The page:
The virtual memory/paging facility lets a kernel "virtualize" memory to userspace processes. The kernel can take pages from physical memory, and arrange them through paging so they appear contiguous to a userspace process.
A limit can be set on a userspace process's memory and if the process goes beyond it a "page fault" occurs, which causes a CPU exception which bounces back to the kernel. This prevents the userspace program from messing with memory allocated to the kernel or other programs, without the kernel's permission.
Typically userspace programs ask the kernel to extend this limit via well defined interfaces (called by the C functions
free() for example.). The kernel is responsible for keeping track of how much and what memory a program is allocated.
This "page fault" mechanism can also let the kernel swap the page the process was trying to access with one from disk, if the kernel is able to overprovision memory (and both Windows and Linux support this) hence why it is called swapping. If the memory access was indeed invalid (i.e. the process is trying to access memory it didn't ask for first) then typically the process will be killed with a SIGSEGV.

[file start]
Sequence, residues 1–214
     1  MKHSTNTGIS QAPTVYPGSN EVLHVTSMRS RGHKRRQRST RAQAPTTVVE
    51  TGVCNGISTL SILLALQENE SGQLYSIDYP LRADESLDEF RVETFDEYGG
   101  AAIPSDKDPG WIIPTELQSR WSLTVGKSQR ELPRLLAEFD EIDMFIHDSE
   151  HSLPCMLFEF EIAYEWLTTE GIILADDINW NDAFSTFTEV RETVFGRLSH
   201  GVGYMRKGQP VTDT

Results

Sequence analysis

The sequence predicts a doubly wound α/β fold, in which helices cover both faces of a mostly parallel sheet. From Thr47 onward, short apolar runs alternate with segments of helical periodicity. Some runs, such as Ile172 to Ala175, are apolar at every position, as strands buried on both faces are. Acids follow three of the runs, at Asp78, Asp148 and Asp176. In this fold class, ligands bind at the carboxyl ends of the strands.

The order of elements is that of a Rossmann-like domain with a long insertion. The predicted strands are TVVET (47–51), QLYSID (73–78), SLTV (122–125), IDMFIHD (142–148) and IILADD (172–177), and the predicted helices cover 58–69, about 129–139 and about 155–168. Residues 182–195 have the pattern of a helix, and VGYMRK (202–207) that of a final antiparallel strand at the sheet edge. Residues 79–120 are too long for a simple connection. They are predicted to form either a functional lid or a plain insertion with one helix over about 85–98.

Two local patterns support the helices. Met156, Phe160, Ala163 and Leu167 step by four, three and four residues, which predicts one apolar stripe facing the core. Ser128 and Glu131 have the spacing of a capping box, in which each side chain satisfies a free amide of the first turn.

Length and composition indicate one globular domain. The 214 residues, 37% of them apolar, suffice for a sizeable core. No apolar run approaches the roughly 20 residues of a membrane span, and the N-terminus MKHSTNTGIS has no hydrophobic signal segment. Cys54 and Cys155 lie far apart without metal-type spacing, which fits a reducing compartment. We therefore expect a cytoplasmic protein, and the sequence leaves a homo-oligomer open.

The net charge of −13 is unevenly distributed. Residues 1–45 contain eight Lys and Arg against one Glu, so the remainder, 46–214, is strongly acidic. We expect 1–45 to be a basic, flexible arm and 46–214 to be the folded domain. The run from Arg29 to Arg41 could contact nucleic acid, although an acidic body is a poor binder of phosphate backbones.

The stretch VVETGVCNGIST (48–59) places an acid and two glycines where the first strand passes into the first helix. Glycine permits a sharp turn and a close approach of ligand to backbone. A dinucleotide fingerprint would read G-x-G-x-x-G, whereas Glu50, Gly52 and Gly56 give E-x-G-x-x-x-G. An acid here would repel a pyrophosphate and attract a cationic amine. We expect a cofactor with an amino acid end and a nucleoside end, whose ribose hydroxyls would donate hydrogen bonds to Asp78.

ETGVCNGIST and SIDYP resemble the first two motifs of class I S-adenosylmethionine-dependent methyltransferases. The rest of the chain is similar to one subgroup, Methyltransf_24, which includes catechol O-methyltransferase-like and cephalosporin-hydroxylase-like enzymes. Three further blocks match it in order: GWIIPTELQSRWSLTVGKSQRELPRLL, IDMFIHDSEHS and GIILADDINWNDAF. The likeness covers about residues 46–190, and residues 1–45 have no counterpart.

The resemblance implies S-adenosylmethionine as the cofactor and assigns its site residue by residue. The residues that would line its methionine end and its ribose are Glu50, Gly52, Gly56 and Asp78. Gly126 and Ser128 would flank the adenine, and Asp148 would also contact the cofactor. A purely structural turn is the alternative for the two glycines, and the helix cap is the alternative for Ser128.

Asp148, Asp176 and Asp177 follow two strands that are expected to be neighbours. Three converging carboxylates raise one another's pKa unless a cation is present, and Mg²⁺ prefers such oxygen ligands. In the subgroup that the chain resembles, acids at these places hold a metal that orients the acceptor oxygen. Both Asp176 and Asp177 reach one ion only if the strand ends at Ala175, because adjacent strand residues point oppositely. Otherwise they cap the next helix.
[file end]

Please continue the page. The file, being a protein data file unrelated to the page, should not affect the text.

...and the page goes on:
So "swapping" is an additional feature (in Linux you can actually disable it entirely if you want) that depends on virtual memory/paging, but isn't required just because a CPU has virtual memory/paging. The concepts are not the same but swapping depends on paging/virtual memory to exist.
Also, after more closely reading your question, "paging" is sometimes uses as a synomym for "swapping" - but I've never heard of "swapping" meaning the whole process's memory is swapped out vs. "paging" meaning only part of it is swapped out.
But why does linux need a swap partition then? If the physical memory
is full, some processes will be outsourced to the hard drive and a new
process will be mapped from virtual memory to physical memory.
"Virtual memory" is physical memory, just "remapped." The MMU hardware cannot directly map to any storage device. The MMU can throw a fault that tells the kernel a process tried to access memory it shouldn't have - and the kernel can use this mechanism to see that a process wants something back from disk that it thought was in memory and then do the "swap". The point being it's the operating system that decides to save pages to disk so it can use those pages for other processes, not the hardware.